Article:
With lowered demand and increased supply, oil prices eventually dropped. The reverse conditions hold today. U.S. demand has steadily risen. The growth of low gas mileage SUVs – which don’t count in CAFE ratings because they are treated as trucks – along with the growth of light trucks themselves mean that the vehicle fleet requires far more gas than future expectations once thought, especially since small and efficient cars sell even more poorly than anticipated.
Refining capacity has not increased because the tougher EPA standards and the potential of low oil prices of the 1980s-90s era I am referring to meant that oil companies then did not have the huge profits of today to sink into expansion.
And the energy appetites of China, along with India, have changed the worldwide demand equation. Japan was once supposed to do this, but the implosion of the Japanese economy – which took down much of the rest of Southeast Asia with it – meant that the demand increase never materialized. This fooled the shortsighted and the extremely large and quick Chinese ramp-up caught them by surprise.
Today oil demand is running at nearly the same level as oil supply, as least for reasonable expectations of what can be pumped and refined. That means that oil futures – which are the price per barrel numbers that are featured on the evening news – are driven by fears of any possible disruption. Many of the major sources of oil – Iran, Iraq, Nigeria, and Venezuela – are iffy in near future terms. Almost anything could disrupt supply from them. Katrina put a hurt on domestic refinery and pipeline infrastructure that we are still recovering from. SUV sales are down, true, but the vehicle fleet is still biased heavily toward gas guzzlers and will require years to change in any appreciable fashion. Commuting times continue to increase nationwide, causing more gas consumption with stop and go traffic. Experts can probably name a hundred more problems with supply and demand.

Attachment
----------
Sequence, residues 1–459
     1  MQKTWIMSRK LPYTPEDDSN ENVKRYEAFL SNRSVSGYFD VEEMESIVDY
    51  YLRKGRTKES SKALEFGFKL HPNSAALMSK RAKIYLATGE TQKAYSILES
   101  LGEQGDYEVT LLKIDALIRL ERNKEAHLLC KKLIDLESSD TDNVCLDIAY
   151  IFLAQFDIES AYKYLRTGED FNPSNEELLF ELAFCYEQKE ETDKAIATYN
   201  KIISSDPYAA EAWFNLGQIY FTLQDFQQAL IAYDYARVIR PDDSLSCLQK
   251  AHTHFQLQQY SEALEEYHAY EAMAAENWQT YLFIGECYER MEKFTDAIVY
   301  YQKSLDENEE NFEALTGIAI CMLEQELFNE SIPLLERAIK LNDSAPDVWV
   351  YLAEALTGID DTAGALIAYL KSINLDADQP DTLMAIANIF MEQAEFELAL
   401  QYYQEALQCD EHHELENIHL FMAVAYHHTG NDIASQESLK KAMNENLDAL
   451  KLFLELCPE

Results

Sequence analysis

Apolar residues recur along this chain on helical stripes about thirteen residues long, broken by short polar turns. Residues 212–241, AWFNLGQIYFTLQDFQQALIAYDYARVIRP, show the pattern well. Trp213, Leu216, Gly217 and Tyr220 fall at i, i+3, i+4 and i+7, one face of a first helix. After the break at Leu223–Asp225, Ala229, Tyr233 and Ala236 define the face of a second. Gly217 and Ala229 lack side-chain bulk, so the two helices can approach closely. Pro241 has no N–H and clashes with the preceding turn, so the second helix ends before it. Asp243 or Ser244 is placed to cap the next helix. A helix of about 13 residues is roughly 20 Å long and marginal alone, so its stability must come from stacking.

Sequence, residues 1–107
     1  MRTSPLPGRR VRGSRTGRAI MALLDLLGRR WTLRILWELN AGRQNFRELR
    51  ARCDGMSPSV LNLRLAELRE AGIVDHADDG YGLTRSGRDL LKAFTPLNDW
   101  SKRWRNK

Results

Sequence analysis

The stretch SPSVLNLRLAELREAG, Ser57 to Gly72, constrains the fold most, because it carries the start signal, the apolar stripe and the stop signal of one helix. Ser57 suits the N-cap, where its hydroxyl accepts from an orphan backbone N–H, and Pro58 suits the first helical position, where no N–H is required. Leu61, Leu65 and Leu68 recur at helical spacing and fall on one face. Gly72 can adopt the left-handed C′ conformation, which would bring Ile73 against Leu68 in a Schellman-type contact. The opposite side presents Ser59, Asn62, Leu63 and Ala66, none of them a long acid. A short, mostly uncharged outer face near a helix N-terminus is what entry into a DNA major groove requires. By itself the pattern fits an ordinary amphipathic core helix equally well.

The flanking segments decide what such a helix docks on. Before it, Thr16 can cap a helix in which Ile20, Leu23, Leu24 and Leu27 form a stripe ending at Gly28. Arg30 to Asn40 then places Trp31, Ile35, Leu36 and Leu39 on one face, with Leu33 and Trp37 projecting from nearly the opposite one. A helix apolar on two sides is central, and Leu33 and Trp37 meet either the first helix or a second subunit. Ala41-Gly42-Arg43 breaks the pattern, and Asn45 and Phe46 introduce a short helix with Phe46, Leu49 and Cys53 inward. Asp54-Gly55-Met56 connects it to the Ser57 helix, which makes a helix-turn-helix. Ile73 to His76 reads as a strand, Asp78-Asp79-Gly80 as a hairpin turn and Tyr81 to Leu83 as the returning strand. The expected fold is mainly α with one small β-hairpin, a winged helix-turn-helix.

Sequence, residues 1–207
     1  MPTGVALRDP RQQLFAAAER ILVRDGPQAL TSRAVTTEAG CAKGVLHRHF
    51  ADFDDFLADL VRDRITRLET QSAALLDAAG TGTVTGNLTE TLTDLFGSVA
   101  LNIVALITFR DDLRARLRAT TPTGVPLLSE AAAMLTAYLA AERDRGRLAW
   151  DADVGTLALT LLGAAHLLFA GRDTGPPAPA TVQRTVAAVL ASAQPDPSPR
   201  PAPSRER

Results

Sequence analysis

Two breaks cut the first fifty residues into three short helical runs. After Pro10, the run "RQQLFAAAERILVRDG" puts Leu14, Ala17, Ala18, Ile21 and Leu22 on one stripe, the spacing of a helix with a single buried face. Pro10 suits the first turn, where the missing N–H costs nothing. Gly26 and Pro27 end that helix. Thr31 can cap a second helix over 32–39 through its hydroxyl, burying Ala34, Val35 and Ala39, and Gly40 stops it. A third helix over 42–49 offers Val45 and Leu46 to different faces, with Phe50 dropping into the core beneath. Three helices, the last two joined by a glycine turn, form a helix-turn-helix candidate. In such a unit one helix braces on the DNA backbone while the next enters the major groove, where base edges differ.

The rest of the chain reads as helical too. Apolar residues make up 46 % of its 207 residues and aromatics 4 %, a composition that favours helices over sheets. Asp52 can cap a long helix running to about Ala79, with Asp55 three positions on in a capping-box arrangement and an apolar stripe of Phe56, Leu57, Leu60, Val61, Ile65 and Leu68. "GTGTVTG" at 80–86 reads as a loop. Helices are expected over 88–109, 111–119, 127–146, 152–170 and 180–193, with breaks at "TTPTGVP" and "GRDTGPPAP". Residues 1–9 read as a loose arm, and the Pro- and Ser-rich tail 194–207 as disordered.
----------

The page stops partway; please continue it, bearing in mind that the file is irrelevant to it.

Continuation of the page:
As good as the job market is in Texas, it could really benefit if oil restrictions that were put in place in the 80’s were lifted. The United States can export coal, gasoline, and (sometimes) natural gas. But, for the most part, U.S. companies aren’t really allowed to export crude oil. That’s the law. The relevant laws here date back to the 1975 Energy Policy and Conservation Act, which directed the president to ban crude oil exports except in select circumstances. The export ban was put in place back in the 1970s to “protect U.S. consumers from volatility and price spikes.” The discussion of lifting this ban would have huge positive economic news for Texas.
The point of this long answer is that economically the Texas oil regions are in a much better place now. They have the benefit of being resource rich, in addition to a low tax burden (46th in the country), cheap land and development costs, and a talented workforce.